The Forest Data Partnership was launched at COP26 in 2021 by the World Resources Institute (WRI), the Food and Agriculture Organization of the United Nations (FAO), USAID, the US Department of State, Google, NASA , and Unilever. The partnership seeks to develop a "consistent geospatial data ecosystem" that allows for accurate monitoring of forest loss and restoration .

Forest Data Partnership: Technologies and Participation

The Forest Data Partnership proposes to bring together remote sensing and machine learning technologies with cloud infrastructure to offer open-source, validated geospatial data on forests that governments, companies, NGOs , and communities can use to tackle deforestation and facilitate and verify restoration projects. The partnership involves SERVIR, a joint geospatial initiative between NASA , USAID, and geospatial organisations in Asia, Africa, and Latin America, Google as the provider of the Forest Data Partnership platform and other technologies, and Unilever as coordinator of private sector involvement.

Forest Data Partnership

A graphic of the Forest Data Partnership's approach to data. Image source: Forest Data Partnership [graphic]. Retrieved 16 May 2023, from https://www.forestdatapartnership.org/data-approach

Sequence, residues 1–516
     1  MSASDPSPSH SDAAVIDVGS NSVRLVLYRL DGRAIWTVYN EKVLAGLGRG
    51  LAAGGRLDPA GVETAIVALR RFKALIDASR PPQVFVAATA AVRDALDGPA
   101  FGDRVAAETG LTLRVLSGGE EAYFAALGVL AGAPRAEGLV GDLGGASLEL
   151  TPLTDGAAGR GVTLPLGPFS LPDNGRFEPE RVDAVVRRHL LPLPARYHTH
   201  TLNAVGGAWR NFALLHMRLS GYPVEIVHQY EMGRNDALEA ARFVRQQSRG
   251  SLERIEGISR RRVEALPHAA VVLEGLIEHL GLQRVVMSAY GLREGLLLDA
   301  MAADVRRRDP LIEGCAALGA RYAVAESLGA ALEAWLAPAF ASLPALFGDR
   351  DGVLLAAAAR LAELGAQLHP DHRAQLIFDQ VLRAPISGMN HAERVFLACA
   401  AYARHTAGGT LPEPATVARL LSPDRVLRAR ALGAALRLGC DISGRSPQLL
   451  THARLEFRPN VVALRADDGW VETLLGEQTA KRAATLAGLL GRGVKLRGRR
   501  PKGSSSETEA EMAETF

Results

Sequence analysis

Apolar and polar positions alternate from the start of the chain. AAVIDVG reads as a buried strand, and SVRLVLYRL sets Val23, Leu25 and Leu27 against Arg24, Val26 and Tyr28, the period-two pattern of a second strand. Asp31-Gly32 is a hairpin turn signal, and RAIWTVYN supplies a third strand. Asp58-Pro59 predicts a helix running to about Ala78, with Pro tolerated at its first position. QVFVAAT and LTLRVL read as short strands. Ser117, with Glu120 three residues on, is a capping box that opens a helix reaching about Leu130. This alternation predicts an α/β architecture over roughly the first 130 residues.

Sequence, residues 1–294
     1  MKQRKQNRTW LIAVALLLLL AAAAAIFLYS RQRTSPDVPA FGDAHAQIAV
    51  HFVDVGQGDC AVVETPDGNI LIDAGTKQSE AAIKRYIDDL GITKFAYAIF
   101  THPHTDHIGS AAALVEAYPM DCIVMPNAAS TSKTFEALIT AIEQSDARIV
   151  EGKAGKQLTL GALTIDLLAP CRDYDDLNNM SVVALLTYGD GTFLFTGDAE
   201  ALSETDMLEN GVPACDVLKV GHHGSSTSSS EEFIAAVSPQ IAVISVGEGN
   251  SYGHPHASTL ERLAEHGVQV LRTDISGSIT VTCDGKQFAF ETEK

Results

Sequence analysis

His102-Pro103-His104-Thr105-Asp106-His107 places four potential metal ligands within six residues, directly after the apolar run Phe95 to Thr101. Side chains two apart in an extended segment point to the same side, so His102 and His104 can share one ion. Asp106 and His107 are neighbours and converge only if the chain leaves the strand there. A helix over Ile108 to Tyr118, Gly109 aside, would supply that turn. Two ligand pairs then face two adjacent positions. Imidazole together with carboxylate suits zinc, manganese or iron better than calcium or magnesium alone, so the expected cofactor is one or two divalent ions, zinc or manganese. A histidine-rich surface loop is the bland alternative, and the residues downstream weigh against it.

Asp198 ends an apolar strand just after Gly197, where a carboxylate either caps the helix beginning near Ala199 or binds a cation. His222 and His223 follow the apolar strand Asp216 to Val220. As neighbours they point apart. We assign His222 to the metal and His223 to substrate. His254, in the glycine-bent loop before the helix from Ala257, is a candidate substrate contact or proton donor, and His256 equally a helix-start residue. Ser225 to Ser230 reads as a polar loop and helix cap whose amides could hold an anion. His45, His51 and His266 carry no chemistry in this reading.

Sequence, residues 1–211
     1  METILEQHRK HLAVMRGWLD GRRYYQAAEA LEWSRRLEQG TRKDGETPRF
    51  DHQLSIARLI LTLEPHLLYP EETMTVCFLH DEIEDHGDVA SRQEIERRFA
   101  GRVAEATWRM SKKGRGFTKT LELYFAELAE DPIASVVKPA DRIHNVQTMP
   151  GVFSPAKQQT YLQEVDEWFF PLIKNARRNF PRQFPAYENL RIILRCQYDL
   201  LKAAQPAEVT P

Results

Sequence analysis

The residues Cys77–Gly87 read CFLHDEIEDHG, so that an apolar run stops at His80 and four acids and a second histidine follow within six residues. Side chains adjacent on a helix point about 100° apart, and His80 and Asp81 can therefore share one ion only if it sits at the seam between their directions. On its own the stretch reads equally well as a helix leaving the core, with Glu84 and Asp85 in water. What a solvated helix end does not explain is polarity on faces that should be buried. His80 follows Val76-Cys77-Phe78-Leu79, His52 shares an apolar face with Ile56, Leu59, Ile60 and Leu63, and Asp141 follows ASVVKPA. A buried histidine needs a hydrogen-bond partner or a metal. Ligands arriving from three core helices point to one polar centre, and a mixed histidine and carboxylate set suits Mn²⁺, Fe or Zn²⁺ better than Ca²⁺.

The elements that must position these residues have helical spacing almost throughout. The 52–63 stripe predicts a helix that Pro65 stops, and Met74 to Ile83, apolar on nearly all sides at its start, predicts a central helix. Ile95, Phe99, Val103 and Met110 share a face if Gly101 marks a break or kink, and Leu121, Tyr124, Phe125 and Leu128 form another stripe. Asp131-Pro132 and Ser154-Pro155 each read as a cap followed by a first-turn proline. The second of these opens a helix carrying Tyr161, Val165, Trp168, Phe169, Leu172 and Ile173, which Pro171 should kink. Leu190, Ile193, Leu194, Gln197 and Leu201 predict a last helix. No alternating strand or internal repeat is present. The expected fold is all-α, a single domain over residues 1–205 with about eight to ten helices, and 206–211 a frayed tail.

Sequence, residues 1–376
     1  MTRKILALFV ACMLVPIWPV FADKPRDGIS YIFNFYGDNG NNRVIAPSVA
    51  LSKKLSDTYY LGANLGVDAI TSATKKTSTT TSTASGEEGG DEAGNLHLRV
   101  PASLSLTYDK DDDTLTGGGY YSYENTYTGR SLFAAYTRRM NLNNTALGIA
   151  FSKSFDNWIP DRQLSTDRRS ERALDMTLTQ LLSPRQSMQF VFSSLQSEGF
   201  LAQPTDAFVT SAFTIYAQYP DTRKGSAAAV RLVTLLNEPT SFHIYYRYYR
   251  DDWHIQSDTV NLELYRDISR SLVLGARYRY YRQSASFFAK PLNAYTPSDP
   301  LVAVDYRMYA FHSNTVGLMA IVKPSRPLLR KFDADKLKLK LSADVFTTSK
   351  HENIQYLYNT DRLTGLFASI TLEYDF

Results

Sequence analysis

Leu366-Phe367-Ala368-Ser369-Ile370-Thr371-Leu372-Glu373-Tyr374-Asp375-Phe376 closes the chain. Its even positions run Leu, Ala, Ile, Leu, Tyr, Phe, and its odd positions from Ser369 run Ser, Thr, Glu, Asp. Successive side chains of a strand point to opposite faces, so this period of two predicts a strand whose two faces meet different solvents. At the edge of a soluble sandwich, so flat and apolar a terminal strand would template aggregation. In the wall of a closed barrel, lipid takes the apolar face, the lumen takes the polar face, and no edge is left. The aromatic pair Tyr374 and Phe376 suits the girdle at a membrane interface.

In its current phase (launched at COP27 ), the Forest Data Partnership is inviting participation from companies involved in cocoa, palm oil, soy and cattle supply chains that risk contributing to forest loss, along with forest/natural resource management bodies, technology partners, local communities and NGOs in tropical regions. How will this ambitious project use data to engage (and potentially align) this diverse range of stakeholders, especially amidst context-specific tensions, differences, and uneven distributions of power between them? And does a "consistent data ecosystem" preclude a space for multiple, perhaps variably systematic knowledges?

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